Tell us about your work/research. What kinds of things do you do?
I specialize in creating usable and useful tools for the Hydrographic industry. I have created a number of commercial hydrographic processing applications to process seismic, multi-beam, side-scan, backscatter and water column data from a variety of sonars and systems. My specialty is multi-dimensional big-data visualization and optimized user experiences and workflows. My goal is to turn data into information as rapidly as possible so that scientists can make better-informed decisions in a timely manner.
What sparked your initial interest in your career?
My first job as a computer science graduate was working with the flying quality analysis of the digital flight control system of the F-16. I saw aeronautical engineers reading reams of printed flight telemetry to try to mentally replay the flight characteristics of the F-16 during "departed" flight. I took the binary versions of that data and created wireframe models of the aircraft for playback in real-time on a Z-80 desktop computer. This early "data visualization" launched my career and specialization of leveraging 2D/3D/4D graphics to enhance scientific discovery.
Who influenced you or encouraged you the most?
I worked with a German exchange engineer on the F-16 team early in my career and his advice was this. "If you have a talent for creating useful software tools, and you couple that talent with knowledge of a specific scientific domain, you will have a very rewarding career and never lack for work." That has stuck with me throughout my 30-year career and I have always sought out and teamed with domain experts in every field where I have created commercial software products.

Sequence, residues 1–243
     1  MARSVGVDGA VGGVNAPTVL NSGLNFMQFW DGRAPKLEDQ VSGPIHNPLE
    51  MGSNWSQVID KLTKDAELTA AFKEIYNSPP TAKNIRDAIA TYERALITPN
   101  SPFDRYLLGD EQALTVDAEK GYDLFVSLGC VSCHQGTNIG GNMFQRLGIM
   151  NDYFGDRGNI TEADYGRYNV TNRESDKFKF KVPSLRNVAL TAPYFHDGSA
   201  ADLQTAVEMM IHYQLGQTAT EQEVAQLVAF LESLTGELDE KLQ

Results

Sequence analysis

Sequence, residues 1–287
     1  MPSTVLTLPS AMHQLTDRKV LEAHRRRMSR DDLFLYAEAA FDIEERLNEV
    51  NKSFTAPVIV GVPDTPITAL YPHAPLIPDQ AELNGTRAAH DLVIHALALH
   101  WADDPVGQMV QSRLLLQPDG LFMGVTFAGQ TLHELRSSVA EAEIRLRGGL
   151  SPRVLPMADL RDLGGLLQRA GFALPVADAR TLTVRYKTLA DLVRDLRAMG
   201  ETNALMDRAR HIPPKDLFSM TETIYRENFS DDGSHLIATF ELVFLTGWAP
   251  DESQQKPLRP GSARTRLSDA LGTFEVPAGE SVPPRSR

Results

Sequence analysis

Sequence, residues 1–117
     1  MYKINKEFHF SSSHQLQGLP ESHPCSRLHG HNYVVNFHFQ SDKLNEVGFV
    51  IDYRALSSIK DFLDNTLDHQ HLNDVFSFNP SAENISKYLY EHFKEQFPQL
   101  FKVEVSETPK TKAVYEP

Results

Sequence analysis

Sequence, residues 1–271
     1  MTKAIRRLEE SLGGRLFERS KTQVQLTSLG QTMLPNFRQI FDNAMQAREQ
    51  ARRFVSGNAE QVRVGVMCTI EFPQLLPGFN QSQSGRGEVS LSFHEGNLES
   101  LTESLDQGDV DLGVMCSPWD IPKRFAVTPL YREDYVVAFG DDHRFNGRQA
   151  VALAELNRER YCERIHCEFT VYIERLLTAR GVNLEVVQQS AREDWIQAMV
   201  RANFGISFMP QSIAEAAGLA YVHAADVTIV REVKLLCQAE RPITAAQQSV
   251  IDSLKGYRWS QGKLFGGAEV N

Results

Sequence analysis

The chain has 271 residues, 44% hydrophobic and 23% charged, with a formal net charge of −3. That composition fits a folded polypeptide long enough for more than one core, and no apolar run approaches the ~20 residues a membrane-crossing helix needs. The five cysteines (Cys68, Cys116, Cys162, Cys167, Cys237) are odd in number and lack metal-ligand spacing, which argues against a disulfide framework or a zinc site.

What element of your work/study do you think is the most fascinating?
I'm fascinated by seeing products I've worked on in actual use in the field. Many times I will be surprised in the ways people use our products. Ways that I may have never anticipated. Learning these novel workflows helps me make better products. Getting direct feedback, in the field, from actual users, is an invaluable experience.
What other jobs led you to your current career?
I was a co-founder of a company during the VR explosion of the 1990s. We were building immersive simulation systems for the military and then spun off commercial products for VR toolkits and a data visualization product for the financial markets. We marketed the first commercial use of VR technology on the desktop that was used for multi-dimensional analysis of stock and futures trading. This transformed my career from one that previously required the "big-hardware" of the defense industry to desktop visualization products for the masses.
What are your degrees and certifications?
Bachelor of Science in Computer Science, Chapman University, 1986.
What are your hobbies?
I enjoy hiking, biking, kayaking, snorkeling and horseback riding (English). I also enjoy having nerdy discussions with my wife on a range of scientific topics.
What advice would you give someone who wants to have a career like yours?
Get a B.S. degree in computer science, seek out an industry that you enjoy, then partner with experts in that field so that you can learn the problems they are trying to solve. Then you can use the tools at your disposal to create novel software tools to solve those problems. Most of all, enjoy what you do and it will repay you with a wonderful career.
How did you get involved with the Nautilus Exploration Program? How did you get on the ship?
I've been connected to the folks working on the Nautilus Exploration Program and they use some of our tools during mapping exercises.